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Corona virus pandemic has triggered a ‘sanitary pad crisis’ in India

Red is considered to be the color of love, so why does love change to disgust when it comes to periods?

SNS | New Delhi |

The covid-19 pandemic and the implementation of lockdown have resulted in the worsened condition of women in the nation.

As soon as the first phase of the lockdown was announced on the fateful eve of March 24, 2020, in India, people rushed to the market to stock up on essentials. But it was the womenfolk who had to prepare for more than just groceries and household items. They had to worry about their menstruation cycles as well.

However, due to sudden isolation, access to menstrual hygiene products has been severely impacted (to date there is a crisis!). Strange as it may sound, since the lockdown, there’s been a reported dearth of menstrual hygiene products in the market, especially sanitary pads. Moreover, all this has affected the women who are unable to maintain menstrual hygiene during periods which has caused hazardous impacts on their health.

We live in a society where talking about menstruation is taboo. In a nation where every year around 2 million girls start to bleed, we consider it shameful to talk about periods. Indian women grow up facing the restriction of not entering religious places during this time of the month as they are considered to be impure.

The lockdown proved to be a catastrophe for the women as it halted the supply of basic menstrual products like pads and cotton rolls. The females in many parts of the nation were(still they are!) into a situation that forced them to use clothes and even banana leaves leading to fatal infections.

According to one study, only 36% of India’s 355 million menstruating females use sanitary napkins, while the rest use old rags, husk, ash, leaves, mud, and soil, and other life-threatening materials to manage their flow.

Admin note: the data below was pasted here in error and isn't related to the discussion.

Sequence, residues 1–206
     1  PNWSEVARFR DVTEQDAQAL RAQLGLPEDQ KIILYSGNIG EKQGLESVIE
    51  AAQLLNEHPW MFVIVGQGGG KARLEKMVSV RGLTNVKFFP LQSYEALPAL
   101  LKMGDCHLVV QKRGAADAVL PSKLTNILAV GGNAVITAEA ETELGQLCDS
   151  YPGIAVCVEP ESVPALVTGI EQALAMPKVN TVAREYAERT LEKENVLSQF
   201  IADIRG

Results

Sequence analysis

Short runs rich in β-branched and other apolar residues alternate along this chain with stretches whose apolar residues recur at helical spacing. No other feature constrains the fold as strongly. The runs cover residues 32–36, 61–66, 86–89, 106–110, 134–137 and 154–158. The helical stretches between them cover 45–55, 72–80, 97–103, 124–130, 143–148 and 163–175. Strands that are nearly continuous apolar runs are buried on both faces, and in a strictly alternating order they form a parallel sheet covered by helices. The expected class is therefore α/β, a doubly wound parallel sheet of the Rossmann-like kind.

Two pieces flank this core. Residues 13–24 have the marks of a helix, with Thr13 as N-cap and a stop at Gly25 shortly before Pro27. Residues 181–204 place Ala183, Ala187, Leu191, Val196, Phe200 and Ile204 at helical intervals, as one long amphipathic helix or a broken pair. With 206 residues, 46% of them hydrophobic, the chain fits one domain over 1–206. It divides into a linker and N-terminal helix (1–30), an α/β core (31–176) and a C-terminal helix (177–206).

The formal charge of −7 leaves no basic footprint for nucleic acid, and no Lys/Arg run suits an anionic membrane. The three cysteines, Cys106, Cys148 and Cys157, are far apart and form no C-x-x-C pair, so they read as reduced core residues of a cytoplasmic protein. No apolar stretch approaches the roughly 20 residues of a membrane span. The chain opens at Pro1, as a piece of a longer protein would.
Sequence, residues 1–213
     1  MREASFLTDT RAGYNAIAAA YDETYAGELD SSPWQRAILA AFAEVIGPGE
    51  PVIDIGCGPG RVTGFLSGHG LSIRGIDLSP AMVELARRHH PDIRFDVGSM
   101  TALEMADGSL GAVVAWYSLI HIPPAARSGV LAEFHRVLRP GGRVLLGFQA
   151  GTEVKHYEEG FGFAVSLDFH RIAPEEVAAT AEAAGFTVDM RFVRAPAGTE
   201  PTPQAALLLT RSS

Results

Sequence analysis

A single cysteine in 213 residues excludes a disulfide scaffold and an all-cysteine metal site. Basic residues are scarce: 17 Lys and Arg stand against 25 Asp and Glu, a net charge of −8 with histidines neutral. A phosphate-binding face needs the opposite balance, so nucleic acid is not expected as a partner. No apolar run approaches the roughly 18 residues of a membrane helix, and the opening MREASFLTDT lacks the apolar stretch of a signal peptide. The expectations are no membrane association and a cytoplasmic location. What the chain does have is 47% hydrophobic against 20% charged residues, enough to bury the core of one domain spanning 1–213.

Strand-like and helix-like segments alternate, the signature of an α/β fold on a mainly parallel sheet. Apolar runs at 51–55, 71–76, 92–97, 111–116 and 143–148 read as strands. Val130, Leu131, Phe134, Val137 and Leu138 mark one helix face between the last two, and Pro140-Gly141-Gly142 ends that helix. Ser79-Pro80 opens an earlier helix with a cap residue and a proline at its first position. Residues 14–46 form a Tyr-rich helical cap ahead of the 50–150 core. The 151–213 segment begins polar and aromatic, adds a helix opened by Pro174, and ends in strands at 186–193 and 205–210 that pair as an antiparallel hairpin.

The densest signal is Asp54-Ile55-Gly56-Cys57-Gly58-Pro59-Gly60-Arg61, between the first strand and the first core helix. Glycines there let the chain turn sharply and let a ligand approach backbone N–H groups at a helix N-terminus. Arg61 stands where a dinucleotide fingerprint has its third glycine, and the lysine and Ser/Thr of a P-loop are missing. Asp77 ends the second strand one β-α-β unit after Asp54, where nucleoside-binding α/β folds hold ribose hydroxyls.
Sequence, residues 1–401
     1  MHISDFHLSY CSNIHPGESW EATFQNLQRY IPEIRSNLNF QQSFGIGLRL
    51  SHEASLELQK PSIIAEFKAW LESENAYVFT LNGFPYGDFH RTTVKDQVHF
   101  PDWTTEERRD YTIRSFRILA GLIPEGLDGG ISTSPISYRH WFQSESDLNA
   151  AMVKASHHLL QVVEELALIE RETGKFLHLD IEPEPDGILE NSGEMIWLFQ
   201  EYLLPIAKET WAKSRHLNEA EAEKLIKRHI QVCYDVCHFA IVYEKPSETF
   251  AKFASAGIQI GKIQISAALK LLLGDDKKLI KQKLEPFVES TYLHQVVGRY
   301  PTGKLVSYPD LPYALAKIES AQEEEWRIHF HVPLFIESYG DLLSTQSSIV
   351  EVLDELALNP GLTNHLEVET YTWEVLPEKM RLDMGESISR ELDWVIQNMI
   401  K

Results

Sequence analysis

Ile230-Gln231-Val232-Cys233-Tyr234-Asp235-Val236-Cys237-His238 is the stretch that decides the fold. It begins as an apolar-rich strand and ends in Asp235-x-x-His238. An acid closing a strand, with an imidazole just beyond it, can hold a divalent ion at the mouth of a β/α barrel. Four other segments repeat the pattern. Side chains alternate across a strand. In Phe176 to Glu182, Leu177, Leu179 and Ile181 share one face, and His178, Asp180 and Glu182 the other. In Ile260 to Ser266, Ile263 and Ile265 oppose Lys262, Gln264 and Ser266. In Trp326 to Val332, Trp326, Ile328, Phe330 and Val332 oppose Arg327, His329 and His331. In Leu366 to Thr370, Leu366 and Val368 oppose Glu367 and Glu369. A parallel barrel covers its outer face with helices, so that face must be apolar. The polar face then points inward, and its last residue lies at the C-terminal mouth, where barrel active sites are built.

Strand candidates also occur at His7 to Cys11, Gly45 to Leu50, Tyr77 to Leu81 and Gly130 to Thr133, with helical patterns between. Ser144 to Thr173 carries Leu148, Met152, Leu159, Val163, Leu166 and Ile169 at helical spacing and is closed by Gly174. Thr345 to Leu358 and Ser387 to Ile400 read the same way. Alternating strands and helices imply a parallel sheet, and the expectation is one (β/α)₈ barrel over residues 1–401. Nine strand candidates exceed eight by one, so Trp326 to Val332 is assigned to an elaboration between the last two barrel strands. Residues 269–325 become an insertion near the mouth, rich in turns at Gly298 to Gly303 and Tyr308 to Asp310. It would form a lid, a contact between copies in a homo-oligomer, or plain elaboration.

Currently, a study conducted by MHAI (Menstrual Health Alliance of India) was released during a workshop held by Dasra. In the workshop, a quick survey was conducted to assess the status of production, distribution, and reach of the menstrual hygiene products during and after the lockdown. The results stated that yet around 62% of women have limited access to the pads and 22% are not getting them at all.

While the lack of options is one worrisome subject, the unavailability of menstrual products is another ordeal. Sanitary pads, a deemed necessity, were reduced to the mercy of government officials, who ‘missed’ including the menstrual hygiene products in the first guidelines and the list of essential items.

The situation for the quarantined women and the women who were traveling back to their towns and cities has to face the worst scenarios. The conditions had forced them to shift to clothes and rags. The ones who were using old clothes and rags had access to a limited quantity only and hence they were using it for longer than recommended.

If we broadly look at the present situation, both the rural and urban populations are deprived of the basic necessity to maintain their hygiene during periods. However, the rural population faces another threat of unawareness which makes them more vulnerable. There have been deaths due to the infections caused by unhygienic practices during menses, but they have not been reported yet.

Nearly 40% of the females of our nation are unaware of menstrual hygiene and this lack of awareness can cause them a life! Nevertheless, with the ongoing situation, things have gone downhill. There is a further rise in the lack of basic menstruation hygiene items such as the discontinuous supply of water, and other necessary products. The small-scale industry has stopped and large-scale industries are unable to reach the needy. The supply is discontinuous and the demands are not fulfilled. The lockdown has made women more vulnerable to various diseases.

There are a few social workers and NGOs only who are coming to help these women, they are trying to match the demand and supply of the necessary products required for maintaining their menstrual hygiene and reproductive health. Red is considered to be the color of love, so why does love change to disgust when it comes to periods?